March of the Million .
(photo credit:Ben Hartman)
Before history was made in Israel on Saturday night, when nearly 500,000 Israelis across the country poured into the streets demanding social justice and a new direction for their country, Haaretz's editors penned the following words:
Saturday's event in [Tel Aviv] will determine the character of our society: Will it remain comatose, submissively accepting the injustice that has pervaded it, or will it rise up in tenacious struggle?
If Saturday night determined the future character of Israeli society, one thing is clear: it will be tenacious. It will be a society which refuses to be pushed around by its government, for on Saturday night Israelis rose up in historic numbers, refusing to submissively accept the economic and social injustices against which they have been fighting for eight consecutive weeks.
Where will the money come from?
The social justice protest leaders, aware of the significance of the moment, were explicit in marking it as a transformational one. National Student Union Chairman Itzik Shmuli, one of the protest leaders, addressed Prime Minister Binyamin Netanyahu directly before hundreds of thousands of chanting citizens, saying:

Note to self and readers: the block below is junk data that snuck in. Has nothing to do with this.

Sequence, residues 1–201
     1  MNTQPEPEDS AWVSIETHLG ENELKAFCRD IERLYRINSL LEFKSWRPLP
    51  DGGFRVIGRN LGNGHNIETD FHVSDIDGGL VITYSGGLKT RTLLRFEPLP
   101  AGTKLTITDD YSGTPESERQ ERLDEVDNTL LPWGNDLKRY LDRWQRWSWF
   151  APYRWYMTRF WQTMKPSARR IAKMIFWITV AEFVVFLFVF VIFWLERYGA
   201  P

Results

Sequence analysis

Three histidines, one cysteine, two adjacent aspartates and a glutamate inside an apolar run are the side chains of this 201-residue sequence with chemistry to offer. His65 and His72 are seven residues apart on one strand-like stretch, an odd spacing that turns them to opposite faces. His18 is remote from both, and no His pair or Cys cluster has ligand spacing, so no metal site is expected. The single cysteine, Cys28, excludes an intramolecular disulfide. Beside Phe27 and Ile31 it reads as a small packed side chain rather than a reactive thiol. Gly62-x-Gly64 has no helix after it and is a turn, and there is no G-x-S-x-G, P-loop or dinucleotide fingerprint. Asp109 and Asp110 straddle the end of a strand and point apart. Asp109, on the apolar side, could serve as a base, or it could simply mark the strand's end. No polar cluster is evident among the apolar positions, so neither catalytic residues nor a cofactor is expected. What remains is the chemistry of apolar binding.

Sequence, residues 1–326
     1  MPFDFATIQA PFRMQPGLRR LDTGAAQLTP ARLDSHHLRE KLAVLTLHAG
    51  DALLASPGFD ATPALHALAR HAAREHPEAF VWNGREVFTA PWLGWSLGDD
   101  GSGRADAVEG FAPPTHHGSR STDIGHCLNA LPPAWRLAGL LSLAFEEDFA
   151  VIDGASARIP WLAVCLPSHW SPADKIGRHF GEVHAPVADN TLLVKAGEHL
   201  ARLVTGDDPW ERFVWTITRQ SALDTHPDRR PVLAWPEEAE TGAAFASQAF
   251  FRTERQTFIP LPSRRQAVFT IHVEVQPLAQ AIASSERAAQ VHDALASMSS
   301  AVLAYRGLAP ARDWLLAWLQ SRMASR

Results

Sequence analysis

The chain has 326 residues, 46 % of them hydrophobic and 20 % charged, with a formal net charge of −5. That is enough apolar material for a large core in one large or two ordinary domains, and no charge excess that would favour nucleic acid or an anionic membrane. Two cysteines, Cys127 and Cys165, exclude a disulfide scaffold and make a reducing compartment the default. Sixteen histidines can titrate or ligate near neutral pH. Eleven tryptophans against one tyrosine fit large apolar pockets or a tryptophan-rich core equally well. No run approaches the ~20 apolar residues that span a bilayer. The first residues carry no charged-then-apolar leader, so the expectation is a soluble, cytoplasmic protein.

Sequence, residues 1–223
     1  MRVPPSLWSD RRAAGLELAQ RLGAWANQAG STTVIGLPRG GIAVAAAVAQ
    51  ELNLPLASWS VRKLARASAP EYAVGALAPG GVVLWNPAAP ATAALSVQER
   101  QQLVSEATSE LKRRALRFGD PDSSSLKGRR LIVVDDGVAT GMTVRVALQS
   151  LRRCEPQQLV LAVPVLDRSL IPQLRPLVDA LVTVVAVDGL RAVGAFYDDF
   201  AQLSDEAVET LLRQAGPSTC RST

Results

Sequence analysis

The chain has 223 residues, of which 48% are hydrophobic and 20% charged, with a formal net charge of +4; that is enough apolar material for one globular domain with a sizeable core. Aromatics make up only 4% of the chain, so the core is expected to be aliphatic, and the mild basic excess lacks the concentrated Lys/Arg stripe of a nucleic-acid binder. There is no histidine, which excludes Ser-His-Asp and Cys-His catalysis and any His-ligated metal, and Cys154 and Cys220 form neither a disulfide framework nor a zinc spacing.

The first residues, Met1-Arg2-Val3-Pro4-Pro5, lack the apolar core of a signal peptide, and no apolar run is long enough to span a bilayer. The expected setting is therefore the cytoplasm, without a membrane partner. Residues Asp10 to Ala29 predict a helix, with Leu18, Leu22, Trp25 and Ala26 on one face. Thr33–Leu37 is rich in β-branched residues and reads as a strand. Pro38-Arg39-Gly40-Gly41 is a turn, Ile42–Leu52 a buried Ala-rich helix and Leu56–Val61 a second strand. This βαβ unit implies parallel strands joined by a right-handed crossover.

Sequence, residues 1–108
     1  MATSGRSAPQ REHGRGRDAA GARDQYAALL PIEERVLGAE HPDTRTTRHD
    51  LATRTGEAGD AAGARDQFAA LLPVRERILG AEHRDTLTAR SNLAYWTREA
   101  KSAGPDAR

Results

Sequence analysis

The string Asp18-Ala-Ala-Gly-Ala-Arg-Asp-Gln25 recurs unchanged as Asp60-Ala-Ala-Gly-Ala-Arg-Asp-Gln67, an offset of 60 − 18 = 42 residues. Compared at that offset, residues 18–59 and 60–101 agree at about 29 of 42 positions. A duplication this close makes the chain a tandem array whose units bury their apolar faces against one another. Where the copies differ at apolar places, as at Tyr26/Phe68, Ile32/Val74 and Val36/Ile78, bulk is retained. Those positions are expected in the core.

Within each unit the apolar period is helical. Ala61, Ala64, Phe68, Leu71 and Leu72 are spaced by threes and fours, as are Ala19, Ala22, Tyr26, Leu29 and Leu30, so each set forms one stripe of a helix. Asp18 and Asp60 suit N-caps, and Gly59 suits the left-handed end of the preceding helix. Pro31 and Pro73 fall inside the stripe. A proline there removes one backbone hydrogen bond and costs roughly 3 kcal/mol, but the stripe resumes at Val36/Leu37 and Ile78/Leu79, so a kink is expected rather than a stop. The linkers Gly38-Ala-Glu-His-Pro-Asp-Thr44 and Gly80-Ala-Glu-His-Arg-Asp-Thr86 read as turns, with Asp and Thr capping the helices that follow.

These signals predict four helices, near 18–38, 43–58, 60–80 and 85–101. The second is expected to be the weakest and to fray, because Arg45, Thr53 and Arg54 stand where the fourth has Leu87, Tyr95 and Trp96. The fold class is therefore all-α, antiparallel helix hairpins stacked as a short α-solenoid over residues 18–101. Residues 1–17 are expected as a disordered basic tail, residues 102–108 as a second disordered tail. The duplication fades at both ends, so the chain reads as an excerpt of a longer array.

Mr. Prime Minister, the new Israelis have a dream and it is simple: to weave the story of our lives into Israel. We expect you to let us live in this country. The new Israelis will not give up. They demand change and will not stop until real solutions come.
The new Israelis. It was a phrase repeated over and over. These new Israelis who were awakened by the act of just one eight weeks ago, when Daphni Leef, unable to afford her apartment, chose to set up camp along Rothschild Boulevard in Tel Aviv as an act of civil disobedience.
Eight weeks later, Leef's single act of civil disobedience had awoken
something dormant within her country, something historic in her country,
prompting record numbers to join what protesters now call המאבק – the struggle
These new Israelis have given the youthful protest leaders the social
and political capital they need to enter the political area and effect
monumental changes in Israel's economic and social structures - with
smaller segments hoping to also change Israel's geopolitical stances.
The new Israelis are fighting to give all of Israel's citizens equal opportunities and equal treatment under the law. Jews. Arabs. Immigrants. Druze. Bedouin. The poor. The shrinking middle class. The vulnerable.
At their core, these protests have been about a fairer distribution of
wealth in Israel. They have been about enacting economic reforms that
would give all Israelis access to affordable housing, health care,
education and fair wages. However, over time, the movement has expanded
and morphed, with a cacophony of voices adding their own demands, from
Arabs calling for fairer democratic treatment to leftists demanding an
end to the occupation to political activists dreaming of a less
It's a movement that has inspired Israelis to set up Tahrir-style tent